It's an art that every host needs to master: the tease. You might think that teasing what's coming up is critical in a PPM universe, but it's always been important. Yet I hear bad teases all the time. "We'll be right back" means nothing: Why would a listener stick around through what might be an interminable stop set if all he or she knows is that you'll be "right back"? Also weak was a tease I heard in which the host said that coming up, you'd hear what one sports figure thinks about a particular team and city. There was no indication that the opinion would be controversial or even interesting, just that I'd hear what (name) thinks about (city and team). Since I am not a resident of that city, and not a fan of that team, I punched the button and checked what the competition was talking about, and I didn't come back. I did hear the story elsewhere, and, yes, it was more interesting than the host let on. But there was no excitement, no "you gotta hear this" element to it. It was a lazy tease.
A good tease always includes a few things: an intriguing premise, a promise that you'll find out something you don't already know, and that you really need to stick around lest you miss this exciting or funny story that you definitely want to hear. Take that sports tease: instead of "coming up, what (name) thinks about (city and team)," it would have been more effective to say "hey, did you hear what (name) said about (city and team)? Keep it here and you'll find out why (name) might need a bodyguard for this weekend's series." It's not that difficult. It's the same story, only with enthusiasm and suspense added in. You can do that for any story that's worth talking about. You know how TV reality shows sometimes show you a clip before the break with a little action from the next segment that leaves you with a cliffhanger, like the judges about to tell someone they're going home or one "cast member" berating another for something that isn't quite explained? You know how you end up waiting through the commercials (or, if you're smart, fast-forwarding through them on the DVR) to see what happens next? They know how to effectively tease. It's that important. And it's one more reason for a listener to stay with your show (and one less reason to go away).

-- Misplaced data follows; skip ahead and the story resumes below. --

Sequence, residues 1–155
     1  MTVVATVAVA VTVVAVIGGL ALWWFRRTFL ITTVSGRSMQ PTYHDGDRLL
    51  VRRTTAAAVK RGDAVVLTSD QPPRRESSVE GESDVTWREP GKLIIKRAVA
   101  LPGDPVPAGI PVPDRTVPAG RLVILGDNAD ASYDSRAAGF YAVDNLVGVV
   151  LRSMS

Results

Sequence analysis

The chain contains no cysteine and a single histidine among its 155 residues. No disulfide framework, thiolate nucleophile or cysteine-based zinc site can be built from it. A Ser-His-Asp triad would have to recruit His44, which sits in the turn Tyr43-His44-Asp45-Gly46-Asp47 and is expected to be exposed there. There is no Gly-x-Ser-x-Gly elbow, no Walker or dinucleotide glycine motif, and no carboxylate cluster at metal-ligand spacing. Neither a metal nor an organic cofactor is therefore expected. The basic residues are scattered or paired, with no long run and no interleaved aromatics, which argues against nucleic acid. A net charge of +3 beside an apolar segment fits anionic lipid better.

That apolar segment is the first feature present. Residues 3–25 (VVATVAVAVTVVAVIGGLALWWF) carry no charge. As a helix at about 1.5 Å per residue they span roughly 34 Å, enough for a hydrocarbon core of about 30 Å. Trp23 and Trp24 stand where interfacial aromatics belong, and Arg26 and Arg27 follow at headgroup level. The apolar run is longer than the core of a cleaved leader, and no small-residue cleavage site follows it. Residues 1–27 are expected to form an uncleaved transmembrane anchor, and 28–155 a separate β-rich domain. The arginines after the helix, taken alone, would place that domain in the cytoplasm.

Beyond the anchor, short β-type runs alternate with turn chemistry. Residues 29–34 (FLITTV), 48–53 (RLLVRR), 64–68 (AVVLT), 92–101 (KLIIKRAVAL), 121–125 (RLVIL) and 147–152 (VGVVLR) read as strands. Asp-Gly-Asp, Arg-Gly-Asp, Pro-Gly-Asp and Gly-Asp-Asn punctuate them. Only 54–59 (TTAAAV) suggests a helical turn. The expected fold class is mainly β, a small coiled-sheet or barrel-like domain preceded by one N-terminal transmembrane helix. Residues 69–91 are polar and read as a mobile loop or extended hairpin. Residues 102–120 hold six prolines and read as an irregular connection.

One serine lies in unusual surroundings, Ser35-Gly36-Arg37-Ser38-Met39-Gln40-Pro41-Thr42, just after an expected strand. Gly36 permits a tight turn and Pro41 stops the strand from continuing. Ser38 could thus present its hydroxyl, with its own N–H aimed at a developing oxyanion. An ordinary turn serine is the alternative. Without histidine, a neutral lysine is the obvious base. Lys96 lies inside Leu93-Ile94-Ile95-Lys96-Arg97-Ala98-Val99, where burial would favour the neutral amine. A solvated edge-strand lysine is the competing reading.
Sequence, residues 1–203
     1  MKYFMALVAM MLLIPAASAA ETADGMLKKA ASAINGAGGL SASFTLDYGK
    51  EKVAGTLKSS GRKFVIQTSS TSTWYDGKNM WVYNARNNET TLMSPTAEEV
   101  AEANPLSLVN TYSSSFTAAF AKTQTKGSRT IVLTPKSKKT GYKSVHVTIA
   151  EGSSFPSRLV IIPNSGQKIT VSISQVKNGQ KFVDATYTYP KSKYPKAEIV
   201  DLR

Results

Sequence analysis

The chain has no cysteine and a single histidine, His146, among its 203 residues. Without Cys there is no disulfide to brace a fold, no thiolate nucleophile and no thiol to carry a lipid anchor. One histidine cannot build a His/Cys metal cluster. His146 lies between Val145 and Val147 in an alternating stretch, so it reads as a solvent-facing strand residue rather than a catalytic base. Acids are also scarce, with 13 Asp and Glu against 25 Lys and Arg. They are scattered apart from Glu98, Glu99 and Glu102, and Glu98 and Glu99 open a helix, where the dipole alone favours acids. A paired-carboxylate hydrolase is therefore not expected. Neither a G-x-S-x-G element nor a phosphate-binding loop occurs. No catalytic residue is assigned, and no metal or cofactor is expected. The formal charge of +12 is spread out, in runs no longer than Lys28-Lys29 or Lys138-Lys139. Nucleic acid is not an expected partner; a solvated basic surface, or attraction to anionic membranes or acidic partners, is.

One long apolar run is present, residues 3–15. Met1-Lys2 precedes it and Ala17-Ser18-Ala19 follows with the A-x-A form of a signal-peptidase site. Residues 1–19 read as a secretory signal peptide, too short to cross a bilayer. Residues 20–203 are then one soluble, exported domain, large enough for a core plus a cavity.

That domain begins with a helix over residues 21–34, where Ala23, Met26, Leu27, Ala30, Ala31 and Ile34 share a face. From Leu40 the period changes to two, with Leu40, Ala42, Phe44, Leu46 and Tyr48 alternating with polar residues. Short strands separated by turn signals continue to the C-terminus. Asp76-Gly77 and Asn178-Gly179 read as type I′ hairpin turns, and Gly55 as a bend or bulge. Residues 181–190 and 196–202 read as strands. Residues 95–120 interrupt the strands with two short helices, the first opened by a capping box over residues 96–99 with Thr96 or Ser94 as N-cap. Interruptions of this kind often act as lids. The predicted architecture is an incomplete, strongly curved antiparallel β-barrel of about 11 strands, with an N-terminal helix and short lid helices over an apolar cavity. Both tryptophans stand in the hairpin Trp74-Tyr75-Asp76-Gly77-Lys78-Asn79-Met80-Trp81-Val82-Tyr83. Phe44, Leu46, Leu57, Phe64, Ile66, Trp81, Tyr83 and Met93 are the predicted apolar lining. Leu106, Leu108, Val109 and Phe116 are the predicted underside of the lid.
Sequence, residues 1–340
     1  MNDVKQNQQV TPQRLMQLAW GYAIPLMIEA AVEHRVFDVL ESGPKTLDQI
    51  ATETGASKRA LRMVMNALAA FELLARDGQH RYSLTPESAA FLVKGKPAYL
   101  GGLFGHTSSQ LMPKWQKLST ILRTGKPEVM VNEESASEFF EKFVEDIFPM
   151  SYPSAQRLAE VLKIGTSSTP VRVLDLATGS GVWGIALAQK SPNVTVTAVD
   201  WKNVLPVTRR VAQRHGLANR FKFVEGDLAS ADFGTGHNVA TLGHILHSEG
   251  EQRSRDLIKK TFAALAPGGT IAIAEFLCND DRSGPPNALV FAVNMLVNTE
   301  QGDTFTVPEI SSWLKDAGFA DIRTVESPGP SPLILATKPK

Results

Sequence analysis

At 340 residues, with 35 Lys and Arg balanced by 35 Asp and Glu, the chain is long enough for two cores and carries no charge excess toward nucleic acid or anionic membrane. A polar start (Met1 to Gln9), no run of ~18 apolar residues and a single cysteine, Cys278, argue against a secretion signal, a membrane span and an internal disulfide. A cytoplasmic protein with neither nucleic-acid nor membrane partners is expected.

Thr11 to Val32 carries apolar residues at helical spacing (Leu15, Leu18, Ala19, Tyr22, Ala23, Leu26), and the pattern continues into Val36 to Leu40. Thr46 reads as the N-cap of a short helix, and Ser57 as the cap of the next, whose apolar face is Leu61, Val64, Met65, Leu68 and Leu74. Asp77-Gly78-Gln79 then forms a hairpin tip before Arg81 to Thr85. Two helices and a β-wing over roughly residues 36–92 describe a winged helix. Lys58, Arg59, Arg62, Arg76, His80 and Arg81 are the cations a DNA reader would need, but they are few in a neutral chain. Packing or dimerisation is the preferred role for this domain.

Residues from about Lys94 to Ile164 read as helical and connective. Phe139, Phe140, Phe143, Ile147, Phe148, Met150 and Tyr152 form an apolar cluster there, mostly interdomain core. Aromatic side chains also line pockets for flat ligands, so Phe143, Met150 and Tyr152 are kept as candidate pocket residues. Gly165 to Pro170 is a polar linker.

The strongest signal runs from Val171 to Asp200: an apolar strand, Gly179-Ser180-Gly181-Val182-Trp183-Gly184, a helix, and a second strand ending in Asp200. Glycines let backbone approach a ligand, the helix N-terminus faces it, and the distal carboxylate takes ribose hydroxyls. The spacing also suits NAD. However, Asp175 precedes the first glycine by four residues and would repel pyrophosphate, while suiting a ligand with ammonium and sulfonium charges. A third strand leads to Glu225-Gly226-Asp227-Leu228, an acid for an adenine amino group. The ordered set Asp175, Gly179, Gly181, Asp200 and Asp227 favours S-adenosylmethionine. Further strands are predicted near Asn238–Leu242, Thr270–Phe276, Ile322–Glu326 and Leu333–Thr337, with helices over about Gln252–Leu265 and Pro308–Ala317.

There are other things I've been hearing that I could mention here, but I'm going to save them for other columns. Want to know the secrets to making your show and station a massive success in the PPM world? Read this column in the coming weeks and find out the most important things you can do to achieve total market dominance... see what I did there? Yeah, you'll be back. (And now, I have to actually come up with those secrets. Lesson Number 2: Don't overpromise)
Need material for your show? Go right now to All Access News-Talk-Sports' show prep column Talk Topics, where you'll find hundreds of ideas for topics to talk about. It's here, and on Twitter at @talktopics. Also at All Access this week, you'll find "10 Questions With..." Alaska Integrated Media VP/Director of Programming Justin McDonald, who's built more than one talk station in Anchorage from the ground up, and you'll get the best radio and music industry coverage at Net News, with the top stories tweeted at @allaccess. And, unrelated to All Access, you can follow me on Twitter at @pmsimon, read my stuff at Nerdist.com, and check out my personal website at pmsimon.com.
Next week, you'll get more tips on how to do talk radio better. Or I'll whine about something in the industry. Or it'll just be the same old bloviating. At least you can't complain about the price.